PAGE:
FOXBORO, Mass. — Patriots starting inside linebacker Gary Guyton left Sunday afternoon's practice after suffering a left knee injury.
Guyton was dropping back into coverage when he slipped in the middle of the field. He walked to the sideline and received attention from the trainers, who were stretching out his left knee. Teammates Jerod Mayo and Vince Wilfork walked over to check on the typically-jovial Guyton, who was smiling and laughing with them.
Head coach Bill Belichick also spent a couple of minutes with Guyton, who was lying down receiving attention from the trainers. After, Belichick walked over to speak with linebackers coach Matt Patricia.
Guyton got up and walked around several times in an apparent attempt to stretch out his knee before continuing to work with the trainers. About 15-20 minutes after going down, Guyton walked off the field with a trainer and did not return to practice.
The injury didn?t appear to be serious because Guyton didn?t seem to have too much trouble moving around. There was no media availability after the second practice of the day, which is the norm during training camp.
Here are some other observations from the day's two practices.
Sunday afternoon marked the eighth practice of training camp. Linebacker Thomas Williams missed his first session. Also absent were defensive lineman Ty Warren, offensive lineman Nick Kaczur, wide receiver Matthew Slater, outside linebacker Derrick Burgess and left guard Logan Mankins.
Seven other players did not participate in practice but worked out off to the side: right guard Stephen Neal (first missed session), cornerback Jonathan Wilhite (first missed session), defensive linemen Ron Brace and Mike Wright, cornerback Terrence Johnson, safety Bret Lockett and running back Thomas Clayton.
Check here for the attendance from Sunday morning.
Quarterback in Training
Randy Moss got after it again with the crowd. After a pass sailed over his head during the first session, Moss retrieved the ball and jogged over toward the bleachers on the long side of the field. He sought out a young fan in a Tom Brady jersey and tossed the ball to the kid. With the crowd going crazy, Moss called for a pass, and the 3-footer hit Moss with a laser from about 10 yards away. Moss has been one with the fans through the first four days of camp, but this was far and away the best moment of the bunch.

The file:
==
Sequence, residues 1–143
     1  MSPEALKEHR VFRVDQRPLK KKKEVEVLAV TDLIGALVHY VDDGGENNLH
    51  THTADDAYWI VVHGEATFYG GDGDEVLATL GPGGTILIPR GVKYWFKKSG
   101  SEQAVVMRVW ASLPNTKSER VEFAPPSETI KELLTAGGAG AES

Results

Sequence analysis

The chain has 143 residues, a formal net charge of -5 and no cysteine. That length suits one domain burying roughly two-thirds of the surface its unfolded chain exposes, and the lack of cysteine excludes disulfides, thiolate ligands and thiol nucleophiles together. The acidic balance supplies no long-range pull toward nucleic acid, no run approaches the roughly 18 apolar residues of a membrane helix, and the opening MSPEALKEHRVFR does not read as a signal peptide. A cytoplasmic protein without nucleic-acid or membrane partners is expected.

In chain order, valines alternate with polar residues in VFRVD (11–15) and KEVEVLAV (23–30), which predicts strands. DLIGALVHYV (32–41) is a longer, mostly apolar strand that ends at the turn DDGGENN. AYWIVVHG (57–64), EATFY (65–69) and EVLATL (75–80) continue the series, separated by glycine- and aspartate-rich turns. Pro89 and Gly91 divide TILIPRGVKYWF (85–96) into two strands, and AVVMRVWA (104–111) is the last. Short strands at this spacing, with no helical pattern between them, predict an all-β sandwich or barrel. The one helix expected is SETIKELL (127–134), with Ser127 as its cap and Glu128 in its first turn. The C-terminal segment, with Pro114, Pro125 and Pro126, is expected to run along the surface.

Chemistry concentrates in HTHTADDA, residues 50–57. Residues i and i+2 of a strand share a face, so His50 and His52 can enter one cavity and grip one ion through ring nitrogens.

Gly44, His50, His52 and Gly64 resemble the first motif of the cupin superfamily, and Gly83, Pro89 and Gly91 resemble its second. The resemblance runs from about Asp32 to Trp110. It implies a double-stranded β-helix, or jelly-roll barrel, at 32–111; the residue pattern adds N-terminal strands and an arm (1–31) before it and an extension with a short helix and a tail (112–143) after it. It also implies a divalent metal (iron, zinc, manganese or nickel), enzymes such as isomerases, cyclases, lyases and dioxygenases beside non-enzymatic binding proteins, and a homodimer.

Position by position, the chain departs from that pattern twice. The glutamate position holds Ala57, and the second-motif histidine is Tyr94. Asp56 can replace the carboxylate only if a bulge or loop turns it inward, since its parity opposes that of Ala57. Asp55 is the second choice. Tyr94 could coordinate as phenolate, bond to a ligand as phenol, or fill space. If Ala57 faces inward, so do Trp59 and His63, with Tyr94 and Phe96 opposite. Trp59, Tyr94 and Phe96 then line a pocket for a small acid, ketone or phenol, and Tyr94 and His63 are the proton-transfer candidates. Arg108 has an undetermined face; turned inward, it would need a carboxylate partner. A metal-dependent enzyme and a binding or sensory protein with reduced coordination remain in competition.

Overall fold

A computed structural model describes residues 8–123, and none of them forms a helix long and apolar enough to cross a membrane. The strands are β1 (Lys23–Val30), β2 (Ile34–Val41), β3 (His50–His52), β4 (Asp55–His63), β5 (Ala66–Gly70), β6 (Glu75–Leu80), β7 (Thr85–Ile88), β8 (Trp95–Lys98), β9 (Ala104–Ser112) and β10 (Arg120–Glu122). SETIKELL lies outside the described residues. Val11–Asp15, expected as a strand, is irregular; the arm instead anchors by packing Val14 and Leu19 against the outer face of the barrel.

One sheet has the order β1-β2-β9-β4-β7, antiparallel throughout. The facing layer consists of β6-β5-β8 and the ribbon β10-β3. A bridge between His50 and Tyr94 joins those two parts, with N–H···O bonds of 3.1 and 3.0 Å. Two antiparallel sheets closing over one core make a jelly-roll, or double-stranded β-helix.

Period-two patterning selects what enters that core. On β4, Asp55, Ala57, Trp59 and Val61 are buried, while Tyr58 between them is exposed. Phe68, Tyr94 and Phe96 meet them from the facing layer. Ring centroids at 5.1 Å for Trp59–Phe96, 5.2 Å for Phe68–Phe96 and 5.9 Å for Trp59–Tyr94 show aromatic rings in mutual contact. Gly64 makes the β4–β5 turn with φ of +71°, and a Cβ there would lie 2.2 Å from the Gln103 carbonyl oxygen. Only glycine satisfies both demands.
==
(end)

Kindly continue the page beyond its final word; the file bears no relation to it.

The first two days of camp were mostly about the base defense, and the third day involved a lot of defensive rotations. Sunday, though, got more into sub packages — utilizing an extra defensive back instead of a defensive lineman, for instance. Media policies restrict the exact reporting of these packages, but it's a good sign that the Patriots have been able to advance through the playbook.
With Nick Kaczur out with an injury, Dan Connolly has gotten the majority of the snaps at starting left guard, but the coaching staff seems to like using Connolly more on the right side of the line. Ryan Wendell has emerged as the third-string guard, while Rich Ohrnberger and Ted Larsen are next in line. The versatile Connolly can also play center, which will hurt Ohrnberger's chances of making the team.
Pigskin in a Barrel
It was one of the most basic drills of the day, but it drew the most attention. Brady and Brian Hoyer stood alone with a few assistant coaches on the far field while the rest of the team was going through drills on the near field. The quarterbacks alternated turns dropping back and trying to throw the ball into a barrel 40 yards down the field along the right sideline. Neither potted one, but Brady hit the barrel twice, while Hoyer hit it once. Each took roughly 10 attempts.
Wide receiver Wes Welker wasn?t wearing the red non-contact jersey, but he also didn?t participate in any of the day's 11-on-11 drills, which draw the most contact. It's a clear sign that the team is still operating cautiously with Welker's return, and that?s a good idea with the first regular-season game six weeks away.
Rookie tight ends Rob Gronkowski and Aaron Hernandez have looked very valuable as targets in the passing game, and they each had good practices Sunday afternoon. Gronkowski's size is astoundingly intimidating, and if he learns how to properly use it, he could have a monstrous NFL career. Hernandez is a quicker tight end with good receiving ability, and the tandem will rack up catches if used appropriately.